Mark Morris is an American choreographer and director whose contemporary dance work is acclaimed for its craftsmanship, ingenuity, humor, and live musical accompaniments, which have been a feature of every international tour of the company since 1996. Morris is popular among dance aficionados, the music world, and mainstream audiences.
The Mark Morris Dance Group was formed in 1980 and gave its first concert that year in New York City. The company’s touring schedule steadily expanded to include cities both in the U.S. and in Europe, and in 1986 it made its first national television program for the PBS series Dance in America. In 1988, MMDG was invited to become the national dance company of Belgium, and spent three years in residence at the Théâtre Royal de la Monnaie in Brussels. The company returned to the United States in 1991 as one of the world’s leading dance companies, performing across the U.S. and at major international festivals.
Mark has collaborated with artists from Mikhail Baryshnikov to Yo Yo Ma to Isaac Mizrahi. He has created works for the San Francisco Ballet, the Paris Opera Ballet, and American Ballet Theater and has stage directed operas for The Metropolitan Opera, English National Opera, and the Royal Opera House, Covent Garden.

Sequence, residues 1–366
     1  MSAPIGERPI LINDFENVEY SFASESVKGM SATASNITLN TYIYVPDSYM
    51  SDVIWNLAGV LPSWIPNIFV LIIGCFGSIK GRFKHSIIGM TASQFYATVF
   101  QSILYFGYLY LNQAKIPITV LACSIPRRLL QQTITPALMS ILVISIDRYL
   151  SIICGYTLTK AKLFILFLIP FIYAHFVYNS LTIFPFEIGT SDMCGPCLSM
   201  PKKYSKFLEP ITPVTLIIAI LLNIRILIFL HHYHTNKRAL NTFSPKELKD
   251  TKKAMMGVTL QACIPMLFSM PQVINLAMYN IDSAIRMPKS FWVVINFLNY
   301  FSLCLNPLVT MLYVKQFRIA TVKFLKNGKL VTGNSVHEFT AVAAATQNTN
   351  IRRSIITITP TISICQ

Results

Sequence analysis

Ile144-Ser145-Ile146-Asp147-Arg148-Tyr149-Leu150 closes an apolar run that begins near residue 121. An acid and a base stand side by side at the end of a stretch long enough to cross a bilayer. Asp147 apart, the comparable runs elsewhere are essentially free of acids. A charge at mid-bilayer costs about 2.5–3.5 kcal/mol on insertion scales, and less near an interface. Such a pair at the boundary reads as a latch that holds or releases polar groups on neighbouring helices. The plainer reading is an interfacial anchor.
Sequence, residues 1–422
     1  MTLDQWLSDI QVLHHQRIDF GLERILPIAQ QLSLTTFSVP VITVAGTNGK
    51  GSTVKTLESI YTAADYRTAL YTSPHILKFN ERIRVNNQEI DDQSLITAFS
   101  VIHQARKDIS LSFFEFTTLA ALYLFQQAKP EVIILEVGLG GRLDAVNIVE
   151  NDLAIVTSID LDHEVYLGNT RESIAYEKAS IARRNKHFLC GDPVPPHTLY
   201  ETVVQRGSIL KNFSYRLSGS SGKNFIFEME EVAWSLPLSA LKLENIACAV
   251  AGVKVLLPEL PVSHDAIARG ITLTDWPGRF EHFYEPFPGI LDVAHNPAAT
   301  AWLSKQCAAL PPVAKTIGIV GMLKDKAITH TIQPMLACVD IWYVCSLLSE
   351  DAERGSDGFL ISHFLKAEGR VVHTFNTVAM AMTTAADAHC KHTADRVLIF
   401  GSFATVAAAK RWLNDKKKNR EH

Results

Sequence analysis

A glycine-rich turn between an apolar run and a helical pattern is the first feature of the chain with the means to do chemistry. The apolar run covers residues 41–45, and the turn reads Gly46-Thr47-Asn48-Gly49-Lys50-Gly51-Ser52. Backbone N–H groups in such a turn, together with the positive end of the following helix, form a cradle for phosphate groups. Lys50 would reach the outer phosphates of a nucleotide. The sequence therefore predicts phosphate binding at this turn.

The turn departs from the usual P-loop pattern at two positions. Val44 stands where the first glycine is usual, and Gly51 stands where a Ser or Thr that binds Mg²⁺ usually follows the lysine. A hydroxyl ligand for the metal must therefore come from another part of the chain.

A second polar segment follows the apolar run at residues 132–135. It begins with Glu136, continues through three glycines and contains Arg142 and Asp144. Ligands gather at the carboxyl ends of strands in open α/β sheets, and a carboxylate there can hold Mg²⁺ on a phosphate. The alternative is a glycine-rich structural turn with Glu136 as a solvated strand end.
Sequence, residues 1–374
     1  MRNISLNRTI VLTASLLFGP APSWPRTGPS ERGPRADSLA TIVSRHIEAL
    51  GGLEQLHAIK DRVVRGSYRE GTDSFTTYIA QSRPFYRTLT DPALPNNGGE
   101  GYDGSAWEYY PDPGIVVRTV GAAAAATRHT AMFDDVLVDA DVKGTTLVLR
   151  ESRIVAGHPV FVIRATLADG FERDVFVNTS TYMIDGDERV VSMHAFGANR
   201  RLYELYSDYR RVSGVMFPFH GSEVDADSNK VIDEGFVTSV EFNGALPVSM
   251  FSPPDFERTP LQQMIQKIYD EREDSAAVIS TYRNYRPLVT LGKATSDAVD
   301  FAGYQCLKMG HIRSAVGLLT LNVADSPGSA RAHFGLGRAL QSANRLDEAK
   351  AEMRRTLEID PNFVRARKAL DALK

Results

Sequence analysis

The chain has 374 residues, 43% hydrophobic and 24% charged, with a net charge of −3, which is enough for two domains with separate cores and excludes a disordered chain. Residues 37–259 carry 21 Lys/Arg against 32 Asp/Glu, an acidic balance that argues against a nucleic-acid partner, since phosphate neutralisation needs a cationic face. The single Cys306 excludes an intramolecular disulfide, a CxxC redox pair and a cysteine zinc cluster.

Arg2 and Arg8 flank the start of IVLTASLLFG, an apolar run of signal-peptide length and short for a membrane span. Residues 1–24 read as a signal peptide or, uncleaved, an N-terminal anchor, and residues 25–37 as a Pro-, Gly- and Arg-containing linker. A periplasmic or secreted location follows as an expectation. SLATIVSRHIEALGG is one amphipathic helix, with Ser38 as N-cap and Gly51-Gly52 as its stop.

“If music had arms and legs, it would look like the Mark Morris Dance Group. Morris’ choreography transcends the idea of scripted and blocked movements vs. improvisatory physical expression to fuse music and movement so completely that the movement he creates seems an inexorable part of the music to which it’s set.” – Milwaukee Journal-Sentinel
“As choreographers go, Mark Morris isn’t particularly mysterious. The starting point of all of his dances is a nearly religious adherence to music, but beneath that surface, it’s the range that makes you wonder, what drives such a fervent mind? That Mr. Morris reveals his musical sophistication through barefoot modern dancing is what gives his choreography such primal elegance. Whether the effect is joyful, bombastic or as quiet as can be, the connective tissue is rhythm: the way a melody might hook its way into a foot and lengthen out through the opposite shoulder. He finds ways to make bodies sing all the notes, not just the high ones. – The New York Times
Thank you Grynberg Family Endowment for supporting Newman Center Presents dance programming.